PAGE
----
• Exploring the potential of ingestive behaviour, body measurements, thermal imaging, heart rate and blood pressure to predict dry matter intake in grazing dairy cows

      Lahart, B.; Kennedy, E.; Williams, M.; Liddane, M.; Boland, T.M.; O’Sullivan, K.; Buckley, Frank; Department of Agriculture Food and the Marine; 13/S/496 (Teagasc, 2021-05-07)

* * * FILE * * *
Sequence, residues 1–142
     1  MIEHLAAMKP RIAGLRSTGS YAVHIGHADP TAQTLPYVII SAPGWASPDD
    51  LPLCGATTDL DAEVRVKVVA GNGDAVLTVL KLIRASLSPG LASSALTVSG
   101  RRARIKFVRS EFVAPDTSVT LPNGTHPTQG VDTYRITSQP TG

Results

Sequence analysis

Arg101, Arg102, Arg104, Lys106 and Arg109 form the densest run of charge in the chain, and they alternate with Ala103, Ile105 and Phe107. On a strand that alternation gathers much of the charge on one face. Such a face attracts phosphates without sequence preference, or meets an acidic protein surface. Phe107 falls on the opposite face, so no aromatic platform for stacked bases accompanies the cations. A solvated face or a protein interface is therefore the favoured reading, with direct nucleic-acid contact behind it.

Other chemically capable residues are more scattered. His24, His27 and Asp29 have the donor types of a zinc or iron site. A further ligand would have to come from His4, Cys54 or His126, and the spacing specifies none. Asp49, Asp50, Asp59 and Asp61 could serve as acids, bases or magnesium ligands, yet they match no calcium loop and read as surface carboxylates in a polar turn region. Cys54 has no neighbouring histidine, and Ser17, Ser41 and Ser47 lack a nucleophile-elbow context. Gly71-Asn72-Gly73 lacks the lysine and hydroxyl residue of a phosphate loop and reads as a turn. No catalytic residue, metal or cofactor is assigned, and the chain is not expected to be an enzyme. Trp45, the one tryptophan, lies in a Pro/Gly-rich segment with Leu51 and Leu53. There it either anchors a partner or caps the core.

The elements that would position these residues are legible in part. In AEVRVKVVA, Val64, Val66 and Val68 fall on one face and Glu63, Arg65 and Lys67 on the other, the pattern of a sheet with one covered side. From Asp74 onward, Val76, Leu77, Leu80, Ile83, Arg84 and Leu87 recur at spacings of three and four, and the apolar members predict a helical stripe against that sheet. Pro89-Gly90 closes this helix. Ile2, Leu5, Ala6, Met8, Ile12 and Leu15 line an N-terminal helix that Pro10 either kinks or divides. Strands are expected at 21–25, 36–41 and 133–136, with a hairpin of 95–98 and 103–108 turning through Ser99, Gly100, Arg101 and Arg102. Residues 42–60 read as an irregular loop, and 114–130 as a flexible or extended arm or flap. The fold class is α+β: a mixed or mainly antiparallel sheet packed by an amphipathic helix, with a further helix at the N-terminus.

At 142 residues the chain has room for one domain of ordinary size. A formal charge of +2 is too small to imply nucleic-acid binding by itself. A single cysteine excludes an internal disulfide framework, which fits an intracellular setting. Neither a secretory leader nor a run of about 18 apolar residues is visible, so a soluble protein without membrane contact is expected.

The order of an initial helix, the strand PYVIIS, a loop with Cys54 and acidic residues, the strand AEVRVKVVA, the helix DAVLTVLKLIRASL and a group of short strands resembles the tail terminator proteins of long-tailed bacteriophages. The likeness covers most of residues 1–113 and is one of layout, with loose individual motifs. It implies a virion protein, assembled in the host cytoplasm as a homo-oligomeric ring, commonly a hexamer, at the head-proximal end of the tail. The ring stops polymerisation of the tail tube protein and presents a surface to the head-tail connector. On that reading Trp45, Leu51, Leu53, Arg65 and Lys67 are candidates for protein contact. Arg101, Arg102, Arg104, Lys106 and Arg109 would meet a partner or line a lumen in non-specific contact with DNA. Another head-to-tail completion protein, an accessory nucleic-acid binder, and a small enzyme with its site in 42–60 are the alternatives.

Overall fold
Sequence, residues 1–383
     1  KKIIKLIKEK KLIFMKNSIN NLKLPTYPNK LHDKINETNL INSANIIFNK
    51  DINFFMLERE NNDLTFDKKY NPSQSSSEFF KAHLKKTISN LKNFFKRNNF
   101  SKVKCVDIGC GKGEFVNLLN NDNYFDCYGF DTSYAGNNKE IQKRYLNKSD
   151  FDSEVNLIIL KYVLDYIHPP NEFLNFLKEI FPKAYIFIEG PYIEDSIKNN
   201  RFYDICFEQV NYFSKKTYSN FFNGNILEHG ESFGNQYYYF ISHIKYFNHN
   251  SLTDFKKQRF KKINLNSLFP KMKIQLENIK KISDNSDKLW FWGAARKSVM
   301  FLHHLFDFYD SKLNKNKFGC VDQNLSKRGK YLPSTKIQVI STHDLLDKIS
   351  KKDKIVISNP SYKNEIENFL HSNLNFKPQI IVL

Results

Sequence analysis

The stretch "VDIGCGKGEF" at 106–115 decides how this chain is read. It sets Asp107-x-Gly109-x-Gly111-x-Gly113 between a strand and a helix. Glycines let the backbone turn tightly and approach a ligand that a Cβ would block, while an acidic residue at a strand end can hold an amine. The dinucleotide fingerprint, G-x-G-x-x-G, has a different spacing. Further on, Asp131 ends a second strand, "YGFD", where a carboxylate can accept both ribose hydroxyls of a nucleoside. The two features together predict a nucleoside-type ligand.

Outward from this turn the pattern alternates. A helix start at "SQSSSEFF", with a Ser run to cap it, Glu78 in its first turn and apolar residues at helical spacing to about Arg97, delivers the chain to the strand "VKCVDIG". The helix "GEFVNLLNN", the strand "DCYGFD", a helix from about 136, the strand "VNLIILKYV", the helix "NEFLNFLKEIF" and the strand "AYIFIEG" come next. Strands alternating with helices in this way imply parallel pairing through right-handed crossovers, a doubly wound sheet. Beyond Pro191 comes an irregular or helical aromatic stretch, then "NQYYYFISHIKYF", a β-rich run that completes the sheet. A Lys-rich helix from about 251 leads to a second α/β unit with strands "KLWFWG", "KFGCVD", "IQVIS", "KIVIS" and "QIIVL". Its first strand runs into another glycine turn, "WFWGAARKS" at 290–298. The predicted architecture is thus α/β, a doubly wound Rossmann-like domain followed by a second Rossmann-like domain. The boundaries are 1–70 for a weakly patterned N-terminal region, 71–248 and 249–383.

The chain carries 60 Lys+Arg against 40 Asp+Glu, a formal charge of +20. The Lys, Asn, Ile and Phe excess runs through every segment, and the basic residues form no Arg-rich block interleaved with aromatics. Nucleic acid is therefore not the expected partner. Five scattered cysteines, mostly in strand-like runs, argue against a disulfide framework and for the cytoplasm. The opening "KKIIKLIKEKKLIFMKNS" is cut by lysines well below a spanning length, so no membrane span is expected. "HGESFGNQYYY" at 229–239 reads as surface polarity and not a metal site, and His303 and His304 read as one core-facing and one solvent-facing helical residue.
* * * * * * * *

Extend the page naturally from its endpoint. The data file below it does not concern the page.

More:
The objective of this study was to develop and validate models to predict dry matter intake (DMI) of grazing dairy cows using animal energy sinks and status traits in combination with traits related to grazing behaviour, body measurements, thermal imaging, heart rate and blood pressure. The dataset used to develop the models comprised 33 measurements from 113 Holstein-Friesian dairy cows. Multivariable regression models were constructed incorporating each independent variable into a benchmark model incorporating the energy sinks (milk yield [MY], fat %, protein % and body weight [BW]) and status traits (feeding treatment, parity and calving day of year). Of the 33 variables tested, 10 showed an association with DMI (P < 0.25). These variables were incorporated into a backward linear regression model. Variables were retained in this model if P < 0.05. Grazing bout duration and rumination mastication rate were retained in the final model. The inclusion of these variables in the model increased DMI prediction by 0.01 (coefficient of determination [R2] = 0.85) compared to the benchmark model alone (R2 = 0.84). The models were applied to data recorded on an independent herd of 51 dairy cows. The R2 upon validation was 0.80 for the benchmark model and 0.79 for the model incorporating rumination mastication rate and grazing bout duration in combination with the benchmark variables. The separation of grazing bout duration and rumination mastication rate to predict DMI revealed rumination mastication rate slightly increases predictive accuracy upon external validation (R2 = 0.81), whereas grazing bout duration did not (R2 = 0.78). This suggests that grazing bout duration is not a robust trait for DMI prediction. Results from this study suggest that rumination mastication rate can slightly increase the accuracy of DMI prediction surpassing known energy sinks and status traits.